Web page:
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The tremolo harmonica's distinguishing feature is that it has two reeds per note - similar to octave harmonicas - but with one tuned slightly sharp and the other tuned slightly flat. This provides a unique wavering or warbling sound created by the two reeds being slightly out of tune with each other and the difference in their subsequent wave forms interacting with each other. This warbling sound is known as 'beating' and its speed is determined by how far apart in pitch the two sets of reeds are tuned - those that are tuned further apart beat quicker than those that are tuned closer together.
7 Keys availableThe Hohner Six Sided Tremolo Replacement is an individual harmonica designed to fit the Hohner Six Sided Tremolo harmonica known in German as the "Kreuzwender" The Kreuzwender (Six Sided Tremolo) is a unique tremolo mouth organ consisting of six separate instruments held together by metal stars at the ends, giving it a form like a paddle wheel. Each individual harmonica is in a different key and can be selected according to the musical occasion simply by turning the wheel. Comb: Maple, brown Number of hole: 48 Reeds: 48 brass Reed Plates: 0.9mm brass Read Plate Surface: brass Cover Surface: Stainless steel Mouthpiece Surface: Maple Length: 23 cm Comes in a plastic snap case Keys: C Major, D Major, E Major, F Major, G Major, A Major, Bb Major. ... Read more
4 Keys availableSeydel Fanfare-S Tremolo Harmonica The Seydel Fanfare-S Tremolo Harmonica – the first Tremolo harmonica with stainless steel reeds - unprecedented musical presence whilst minimizing air-loss. Precision made acrylic comb – very airtight and durable. Stainless steel covers – no possibility of corrosion. Mouthpiece with round holes made of stainless steel - for lip-friendly playing. 48 stainless steel reeds tuned according to the Solo-tuning with three full octaves – loud and overtone-rich sound with an unbeatable easy response. built-in valves are optimized for the Tremolo sound – minimized air-loss at the same time as loud tone and a faster development of the desired beating. The Fanfare-S – ambitious players of many traditional musical styles (Shanty, Alpenländische Volksmusik, Irish Folk, Cajun, etc.) will not want to miss out on this fantastic instrument. Many of the outstanding features of the Fanfare-S derive from our top chromatic model, the SAXONY ! About Seydel Seydel is the world's oldest extant harmonica manufacturer, and has been producing harmonicas in Saxony, Germany for over 150 years. They are, perhaps, less well known than their competitors and compatriots, Hohner, primarily as a consequence of their having had the misfortune to be located behind the Iron Curtain following the division of Europe after World War 2. In the 1990s the company was returned to its original owners after a period of East German state control, and since then Seydel has built its reputation on high quality German-made harmonicas, predominantly featuring stainless steel reeds.... Read more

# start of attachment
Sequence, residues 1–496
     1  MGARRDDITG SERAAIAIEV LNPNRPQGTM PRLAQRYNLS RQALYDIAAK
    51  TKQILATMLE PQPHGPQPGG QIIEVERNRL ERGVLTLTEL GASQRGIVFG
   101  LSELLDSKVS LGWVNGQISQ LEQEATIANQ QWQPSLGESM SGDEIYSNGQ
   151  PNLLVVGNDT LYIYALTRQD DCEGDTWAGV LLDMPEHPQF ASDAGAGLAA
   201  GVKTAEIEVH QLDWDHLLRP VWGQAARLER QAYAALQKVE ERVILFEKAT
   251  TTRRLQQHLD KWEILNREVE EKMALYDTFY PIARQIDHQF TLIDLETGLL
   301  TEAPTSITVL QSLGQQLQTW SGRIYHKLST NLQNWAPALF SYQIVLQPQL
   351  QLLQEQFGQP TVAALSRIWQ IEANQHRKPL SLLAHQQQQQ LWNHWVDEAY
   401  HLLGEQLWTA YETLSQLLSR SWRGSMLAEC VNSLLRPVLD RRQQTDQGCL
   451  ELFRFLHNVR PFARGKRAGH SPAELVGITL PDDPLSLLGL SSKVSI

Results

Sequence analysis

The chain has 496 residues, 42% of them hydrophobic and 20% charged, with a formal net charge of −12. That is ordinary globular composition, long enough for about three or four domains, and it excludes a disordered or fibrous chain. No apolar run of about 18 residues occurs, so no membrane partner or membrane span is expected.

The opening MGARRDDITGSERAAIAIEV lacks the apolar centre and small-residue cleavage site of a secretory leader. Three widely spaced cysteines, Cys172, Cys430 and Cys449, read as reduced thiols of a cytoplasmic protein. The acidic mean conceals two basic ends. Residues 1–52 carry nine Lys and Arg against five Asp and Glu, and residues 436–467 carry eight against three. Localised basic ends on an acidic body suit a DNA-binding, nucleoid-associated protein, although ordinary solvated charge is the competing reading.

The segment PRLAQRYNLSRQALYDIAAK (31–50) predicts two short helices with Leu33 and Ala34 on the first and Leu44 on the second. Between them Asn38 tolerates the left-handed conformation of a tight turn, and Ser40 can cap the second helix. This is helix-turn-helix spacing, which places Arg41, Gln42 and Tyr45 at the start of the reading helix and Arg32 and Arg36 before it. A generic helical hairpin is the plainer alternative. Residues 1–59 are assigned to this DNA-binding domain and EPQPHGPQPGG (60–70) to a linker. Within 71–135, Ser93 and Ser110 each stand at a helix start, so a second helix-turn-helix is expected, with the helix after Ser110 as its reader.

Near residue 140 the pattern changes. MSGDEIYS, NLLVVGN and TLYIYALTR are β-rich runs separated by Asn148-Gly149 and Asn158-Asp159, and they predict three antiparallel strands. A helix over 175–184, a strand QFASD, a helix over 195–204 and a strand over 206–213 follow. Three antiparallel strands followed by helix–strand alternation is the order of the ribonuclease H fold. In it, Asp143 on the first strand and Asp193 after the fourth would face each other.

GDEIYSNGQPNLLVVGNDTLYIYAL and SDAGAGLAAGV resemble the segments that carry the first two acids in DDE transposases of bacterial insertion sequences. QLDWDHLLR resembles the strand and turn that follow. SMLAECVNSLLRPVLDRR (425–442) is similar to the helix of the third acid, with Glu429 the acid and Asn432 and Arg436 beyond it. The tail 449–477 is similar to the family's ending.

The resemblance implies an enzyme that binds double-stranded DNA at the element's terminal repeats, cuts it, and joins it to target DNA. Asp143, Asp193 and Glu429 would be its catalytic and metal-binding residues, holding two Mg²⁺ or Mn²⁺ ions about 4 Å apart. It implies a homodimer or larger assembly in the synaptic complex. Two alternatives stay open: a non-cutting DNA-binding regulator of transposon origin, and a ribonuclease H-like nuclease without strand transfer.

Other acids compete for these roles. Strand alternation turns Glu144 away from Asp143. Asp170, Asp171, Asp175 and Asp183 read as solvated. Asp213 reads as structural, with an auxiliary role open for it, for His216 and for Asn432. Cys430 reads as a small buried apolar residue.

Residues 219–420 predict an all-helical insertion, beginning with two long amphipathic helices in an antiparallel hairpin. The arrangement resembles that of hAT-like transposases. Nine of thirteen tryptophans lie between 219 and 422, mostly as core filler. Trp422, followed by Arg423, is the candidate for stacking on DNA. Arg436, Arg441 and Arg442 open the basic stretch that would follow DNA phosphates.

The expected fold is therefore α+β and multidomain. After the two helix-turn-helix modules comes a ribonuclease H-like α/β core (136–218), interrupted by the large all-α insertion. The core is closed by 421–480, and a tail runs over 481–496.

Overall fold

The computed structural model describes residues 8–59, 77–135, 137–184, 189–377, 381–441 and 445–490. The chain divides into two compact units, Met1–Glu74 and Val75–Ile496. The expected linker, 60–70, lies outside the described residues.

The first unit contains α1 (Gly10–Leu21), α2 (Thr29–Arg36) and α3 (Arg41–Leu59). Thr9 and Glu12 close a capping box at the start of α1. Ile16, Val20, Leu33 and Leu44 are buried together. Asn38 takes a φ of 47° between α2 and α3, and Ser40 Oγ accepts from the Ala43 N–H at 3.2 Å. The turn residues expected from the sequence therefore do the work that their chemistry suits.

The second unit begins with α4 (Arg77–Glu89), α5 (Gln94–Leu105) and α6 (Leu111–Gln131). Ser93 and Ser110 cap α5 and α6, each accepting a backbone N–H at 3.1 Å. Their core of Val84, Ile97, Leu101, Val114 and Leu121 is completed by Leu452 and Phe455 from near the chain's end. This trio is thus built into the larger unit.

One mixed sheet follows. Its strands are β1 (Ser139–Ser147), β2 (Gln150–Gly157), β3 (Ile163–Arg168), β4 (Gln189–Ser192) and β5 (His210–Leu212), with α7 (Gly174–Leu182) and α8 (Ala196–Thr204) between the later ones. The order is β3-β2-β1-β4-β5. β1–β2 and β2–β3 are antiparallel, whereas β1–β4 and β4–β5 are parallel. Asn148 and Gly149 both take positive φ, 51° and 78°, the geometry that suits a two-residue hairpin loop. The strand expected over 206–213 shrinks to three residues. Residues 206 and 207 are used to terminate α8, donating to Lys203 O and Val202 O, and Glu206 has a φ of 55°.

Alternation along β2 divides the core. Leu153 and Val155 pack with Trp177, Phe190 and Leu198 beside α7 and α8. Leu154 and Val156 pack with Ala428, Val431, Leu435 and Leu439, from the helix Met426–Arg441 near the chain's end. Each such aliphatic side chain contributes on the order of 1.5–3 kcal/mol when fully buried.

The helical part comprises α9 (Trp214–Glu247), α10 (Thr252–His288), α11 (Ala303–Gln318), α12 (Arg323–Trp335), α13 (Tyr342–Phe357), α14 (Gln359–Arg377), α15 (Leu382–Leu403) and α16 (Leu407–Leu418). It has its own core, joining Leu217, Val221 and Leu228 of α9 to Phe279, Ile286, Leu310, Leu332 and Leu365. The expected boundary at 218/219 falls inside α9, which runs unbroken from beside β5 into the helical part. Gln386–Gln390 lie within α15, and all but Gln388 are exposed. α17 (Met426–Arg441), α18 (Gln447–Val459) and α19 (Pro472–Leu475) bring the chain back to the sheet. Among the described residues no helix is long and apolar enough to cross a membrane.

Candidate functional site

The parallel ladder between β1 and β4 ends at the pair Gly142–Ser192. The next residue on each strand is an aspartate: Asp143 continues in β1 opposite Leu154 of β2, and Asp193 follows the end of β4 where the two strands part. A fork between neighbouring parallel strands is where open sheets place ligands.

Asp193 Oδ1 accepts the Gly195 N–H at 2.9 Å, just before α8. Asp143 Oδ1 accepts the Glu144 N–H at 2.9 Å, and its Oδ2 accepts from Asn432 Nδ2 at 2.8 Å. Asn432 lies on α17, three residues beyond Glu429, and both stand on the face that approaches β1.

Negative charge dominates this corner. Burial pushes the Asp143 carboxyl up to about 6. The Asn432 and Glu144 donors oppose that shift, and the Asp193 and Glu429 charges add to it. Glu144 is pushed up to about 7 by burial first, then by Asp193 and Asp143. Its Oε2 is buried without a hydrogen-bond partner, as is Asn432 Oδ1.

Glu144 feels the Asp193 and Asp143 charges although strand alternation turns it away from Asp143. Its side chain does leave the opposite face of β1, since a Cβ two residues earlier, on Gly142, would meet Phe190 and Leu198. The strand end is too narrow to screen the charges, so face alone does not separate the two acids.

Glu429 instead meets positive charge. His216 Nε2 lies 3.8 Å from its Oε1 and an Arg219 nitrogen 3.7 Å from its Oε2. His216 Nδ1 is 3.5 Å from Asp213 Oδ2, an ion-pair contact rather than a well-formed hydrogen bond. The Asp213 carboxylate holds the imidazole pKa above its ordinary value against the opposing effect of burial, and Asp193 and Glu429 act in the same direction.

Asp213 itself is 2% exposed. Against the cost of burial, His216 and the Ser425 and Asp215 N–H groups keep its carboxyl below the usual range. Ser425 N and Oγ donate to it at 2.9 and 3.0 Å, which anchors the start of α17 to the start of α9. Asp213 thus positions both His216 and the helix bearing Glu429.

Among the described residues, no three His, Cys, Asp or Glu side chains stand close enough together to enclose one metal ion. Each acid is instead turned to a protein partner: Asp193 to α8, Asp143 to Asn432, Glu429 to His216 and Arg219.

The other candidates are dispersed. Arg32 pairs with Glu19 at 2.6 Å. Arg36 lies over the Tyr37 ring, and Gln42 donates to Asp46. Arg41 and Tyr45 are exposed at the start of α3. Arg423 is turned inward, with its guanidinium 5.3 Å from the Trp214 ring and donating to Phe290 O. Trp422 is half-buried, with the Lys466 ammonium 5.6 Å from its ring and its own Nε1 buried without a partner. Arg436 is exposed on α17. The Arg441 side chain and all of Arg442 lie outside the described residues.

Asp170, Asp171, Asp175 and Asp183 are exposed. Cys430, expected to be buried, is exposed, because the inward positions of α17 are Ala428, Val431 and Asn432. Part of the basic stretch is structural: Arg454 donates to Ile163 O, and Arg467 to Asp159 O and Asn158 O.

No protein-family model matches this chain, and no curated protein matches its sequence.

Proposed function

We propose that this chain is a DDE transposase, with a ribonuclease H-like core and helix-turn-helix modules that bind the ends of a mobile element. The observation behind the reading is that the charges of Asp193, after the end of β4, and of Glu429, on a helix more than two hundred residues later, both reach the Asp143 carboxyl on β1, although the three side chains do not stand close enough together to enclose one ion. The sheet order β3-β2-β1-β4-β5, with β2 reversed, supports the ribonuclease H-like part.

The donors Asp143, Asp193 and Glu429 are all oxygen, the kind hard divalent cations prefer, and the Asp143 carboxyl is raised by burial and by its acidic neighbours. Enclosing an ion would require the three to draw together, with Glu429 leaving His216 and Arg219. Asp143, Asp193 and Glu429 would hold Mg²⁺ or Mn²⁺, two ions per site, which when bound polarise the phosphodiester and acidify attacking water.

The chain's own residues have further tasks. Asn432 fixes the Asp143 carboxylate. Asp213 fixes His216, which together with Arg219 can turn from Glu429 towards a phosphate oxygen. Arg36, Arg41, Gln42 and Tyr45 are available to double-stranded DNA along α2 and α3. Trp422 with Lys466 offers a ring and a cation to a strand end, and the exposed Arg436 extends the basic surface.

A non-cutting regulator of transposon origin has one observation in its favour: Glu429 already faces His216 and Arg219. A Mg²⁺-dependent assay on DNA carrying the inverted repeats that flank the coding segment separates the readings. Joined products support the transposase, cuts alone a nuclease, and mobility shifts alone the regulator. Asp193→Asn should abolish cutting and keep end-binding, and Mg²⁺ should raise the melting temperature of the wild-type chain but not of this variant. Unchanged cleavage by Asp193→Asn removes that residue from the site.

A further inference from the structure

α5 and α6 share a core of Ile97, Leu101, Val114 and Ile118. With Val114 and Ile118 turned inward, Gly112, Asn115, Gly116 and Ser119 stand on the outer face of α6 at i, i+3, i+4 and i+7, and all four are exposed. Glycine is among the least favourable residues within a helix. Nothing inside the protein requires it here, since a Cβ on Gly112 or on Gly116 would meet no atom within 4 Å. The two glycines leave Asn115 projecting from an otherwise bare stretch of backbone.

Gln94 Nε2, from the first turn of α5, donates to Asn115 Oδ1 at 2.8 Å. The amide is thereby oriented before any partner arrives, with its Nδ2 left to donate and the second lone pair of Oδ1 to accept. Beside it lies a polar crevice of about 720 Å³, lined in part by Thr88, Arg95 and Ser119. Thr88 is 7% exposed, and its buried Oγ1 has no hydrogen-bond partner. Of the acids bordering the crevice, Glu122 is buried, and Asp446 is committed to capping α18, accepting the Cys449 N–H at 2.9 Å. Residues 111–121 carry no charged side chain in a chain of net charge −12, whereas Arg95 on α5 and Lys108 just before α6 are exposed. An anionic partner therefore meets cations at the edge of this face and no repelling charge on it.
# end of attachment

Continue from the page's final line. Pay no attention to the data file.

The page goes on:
5 Keys availableThe Seydel Sailor Steel Tremolo is the first traditionally-shaped tremolo harmonica with stainless steel reeds. The Seydel Sailor Steel Tremolo is a traditionally built diatonic tremolo-harmonica has a divided plastic comb: four holes in a square correspond to one draw and one blow note. If a single note is played two reeds that are tuned a little bit different start to operate together. As a result the floating tremolo sound is produced that has grown into a typical stylistic element of many different kinds of folk music on the harmonica. The Seydel Sailor Steel Tremolo harmonica is well suited for playing melodies or chord accompaniment. If played with the "tongue blocking" technique both can be done simultaneously and then the full and rich sound of the Seydel Sailor Steel is reminiscent of a big styrian accordion. 24 double-holes 48 Stainless Steel reeds (and rivets) with a very good pitch stability and a loud with full sound Body: divided, plastic black - non-corrosive and swelling-free Stable covers made of Stainless Steel Airtight reed plates made of German Silver (1.0mm) with very good flatness Weight: 134g (4.73oz ) Dimensions: 182 x 30 x 24mm (7.16 x 1.18 x 0.94inches) The Seydel Sailor Steel Tremolo – ambitious players of many traditional musical styles (Shanty, Alpenländische Volksmusik, Irish Folk, Classical, etc.) will not want to miss out on this fantastic instrument.... Read more
5 Keys availableThe Seydel Skydiver Steel Tremolo Harmonica is a traditionally-shaped tremolo harmonica with stainless steel reeds. The Seydel Skydiver Steel Tremolo Harmonica offers an incredible musical presence and assertiveness while providing a subtle and sweet tremolo sound. The tuning on the SKYDIVER is the most commonly used tuning of tremolo harmonicas (also called 'Asian tuning'). polymeric comb with single chamber per reed – very airtight and durable stainless steel covers – no possibility of corrosion traditionally-shaped (double-row) tremolo mouthpiece 48 stainless steel reeds tuned according to the solo-tremolo tuning (without double notes) providing three complete melody octaves of tonal range full overtone-rich sound with an easy response approved tuning stability due to stainless steel reeds sweet sounding tremolo available in many keys: G, A, C, Db and D if you use two instruments tuned in a semi-note distance (e.g. C & C'/Db) the SKYDIVER is even suited for playing chromatically! The Seydel Skydiver Steel Tremolo Harmonica – made for ambitious melody players of many traditional musical styles.... Read more